This is the explanation for worldwide privatisation, as capitalists look to make profits from previously state run industries and services. It is will produce a social catastrophe. But the capitalists hope it could offer a short-term outlet for their accumulated capital, which includes almost $2 trillion held abroad by US banks avoiding US tax.
Peter concluded by saying we are in a new period of long, drawn-out crisis. This, in turn, will mean the intensification of clashes between the capitalist powers that dominate the globe, including in the Middle East, Asia-Pacific and Africa.
Wave after wave of radicalised, revolutionary movements
In this new period, there will be wave after wave of radicalised and revolutionary movements. Tens of thousands of advanced workers, millions of raw masses, are pondering and learning the lessons of Brazil, Turkey and the Middle East.
However, political understanding is still historically low due to a number of factors, including lingering effects of the collapse of Stalinism and the rapid descent into the crisis which has stunned the working class. Comrade Didi from Brazil explained how the workers’ leaders helped muddy the waters: in 1992, they had led protests against the government which led to its downfall but this year, they had only sown confusion through lack of leadership. But the capitalists themselves understand the drawn-out character of this crisis and some are quite clear that they fear revolution, particularly socialist revolution.
They will try and deflect and prevent movements from moving in revolutionary directions. Robert Bechert of the International Secretariat, in his summing up to the discussion, commented on pundits who were comparing the protests to the revolutionary movements of the 1848 and 1968, but were studiously avoiding comparison to 1917 and the period of working-class revolution following the First World War! The mass movement’s of the last year were inspiring but Marxists had too avoid being “intoxicated” with their initial successes and judge soberly what programme and strategy were necessary to ensure that the working class and poor achieve their goals.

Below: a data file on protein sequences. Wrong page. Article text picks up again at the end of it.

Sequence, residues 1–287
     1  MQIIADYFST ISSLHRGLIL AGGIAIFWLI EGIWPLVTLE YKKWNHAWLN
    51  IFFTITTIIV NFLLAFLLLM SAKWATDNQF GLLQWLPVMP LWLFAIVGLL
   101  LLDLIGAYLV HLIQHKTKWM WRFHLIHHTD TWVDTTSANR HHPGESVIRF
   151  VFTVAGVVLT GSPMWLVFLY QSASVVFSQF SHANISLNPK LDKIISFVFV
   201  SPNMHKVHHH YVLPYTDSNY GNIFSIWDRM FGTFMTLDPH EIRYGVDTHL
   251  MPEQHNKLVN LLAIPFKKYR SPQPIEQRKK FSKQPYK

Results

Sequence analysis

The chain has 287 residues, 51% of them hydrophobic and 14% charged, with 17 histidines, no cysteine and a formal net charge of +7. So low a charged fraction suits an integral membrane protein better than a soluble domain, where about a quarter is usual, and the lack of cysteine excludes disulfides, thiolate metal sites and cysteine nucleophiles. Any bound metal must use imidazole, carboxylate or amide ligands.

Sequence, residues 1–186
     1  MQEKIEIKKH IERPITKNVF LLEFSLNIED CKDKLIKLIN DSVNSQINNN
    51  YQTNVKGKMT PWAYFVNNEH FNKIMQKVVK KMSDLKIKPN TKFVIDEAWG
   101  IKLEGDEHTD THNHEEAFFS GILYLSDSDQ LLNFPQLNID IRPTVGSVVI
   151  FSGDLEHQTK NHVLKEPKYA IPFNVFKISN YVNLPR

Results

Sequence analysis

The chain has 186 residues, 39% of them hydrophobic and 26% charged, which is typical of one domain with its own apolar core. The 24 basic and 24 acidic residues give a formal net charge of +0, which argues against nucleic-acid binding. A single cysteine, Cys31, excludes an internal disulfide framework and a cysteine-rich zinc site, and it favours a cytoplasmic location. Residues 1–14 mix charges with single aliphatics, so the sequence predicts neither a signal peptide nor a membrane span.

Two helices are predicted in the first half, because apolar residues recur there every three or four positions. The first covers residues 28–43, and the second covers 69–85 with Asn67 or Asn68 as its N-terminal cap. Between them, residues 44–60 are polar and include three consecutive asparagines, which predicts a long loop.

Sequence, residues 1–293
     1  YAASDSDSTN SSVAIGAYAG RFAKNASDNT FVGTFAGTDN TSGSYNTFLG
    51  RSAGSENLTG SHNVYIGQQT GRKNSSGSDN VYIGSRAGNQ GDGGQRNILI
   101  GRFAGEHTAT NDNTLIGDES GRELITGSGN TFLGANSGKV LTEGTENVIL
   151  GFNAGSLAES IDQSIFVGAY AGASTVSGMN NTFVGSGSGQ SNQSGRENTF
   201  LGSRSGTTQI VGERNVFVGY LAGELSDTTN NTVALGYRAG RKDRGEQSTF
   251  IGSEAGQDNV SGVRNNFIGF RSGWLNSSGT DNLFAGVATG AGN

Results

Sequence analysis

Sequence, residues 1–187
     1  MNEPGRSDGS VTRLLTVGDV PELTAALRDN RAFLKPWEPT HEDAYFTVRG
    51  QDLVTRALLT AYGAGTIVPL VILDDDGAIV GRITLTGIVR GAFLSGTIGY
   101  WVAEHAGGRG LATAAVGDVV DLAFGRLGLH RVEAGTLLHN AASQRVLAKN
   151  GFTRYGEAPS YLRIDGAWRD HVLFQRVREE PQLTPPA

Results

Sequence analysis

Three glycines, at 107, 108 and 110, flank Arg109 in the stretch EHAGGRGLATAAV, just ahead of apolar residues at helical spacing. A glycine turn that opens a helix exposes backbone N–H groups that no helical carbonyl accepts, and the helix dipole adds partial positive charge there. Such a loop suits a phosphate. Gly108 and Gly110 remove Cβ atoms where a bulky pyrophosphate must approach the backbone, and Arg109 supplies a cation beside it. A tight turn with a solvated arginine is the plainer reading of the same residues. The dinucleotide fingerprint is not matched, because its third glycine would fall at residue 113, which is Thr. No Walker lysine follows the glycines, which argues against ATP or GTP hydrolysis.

Peter said the capitalists have not taken the Marxists into account. A handful of Marxists in one country, for example in South Africa, could be the key to mass change.
There is scepticism and opposition from the new generation to the idea of ‘parties’ in general which are identified with pro-capitalist parties, their policies and massive corruption. Comrades Andros from Greece and Kevin from Ireland explained how workers had the will to fight against austerity but there was still a hangover from the past period and the low level of understanding, which had partially acted against the idea of fighting.
Andros, in particular, showed there have been significant explosions in Greece yet the lack of a leadership was the key to the defeat, so far, of the battle against austerity. And the Syriza leadership was moving rightwards. But new leaders, including the Marxists, would be propelled to the front of the movement in the next period.
Peter’s final remarks mentioned the volatility of the political situation, which has thrown up new campaigns and organisations, like Occupy, the indignados in Spain and the Five Star movement in Italy. Once the masses see a party fighting for their interests – especially on mass scale – which is incorruptible, they will flock to its banner. The current impasse will then be shown to be another passing phase.
New mass formations are inevitable given the stage through which the working class must pass. These will lead on to the formation of mass revolutionary parties.
Therefore, our tasks are to build the CWI now and prepare ourselves together with the working class to lay the foundations of mass revolutionary parties and a mass international.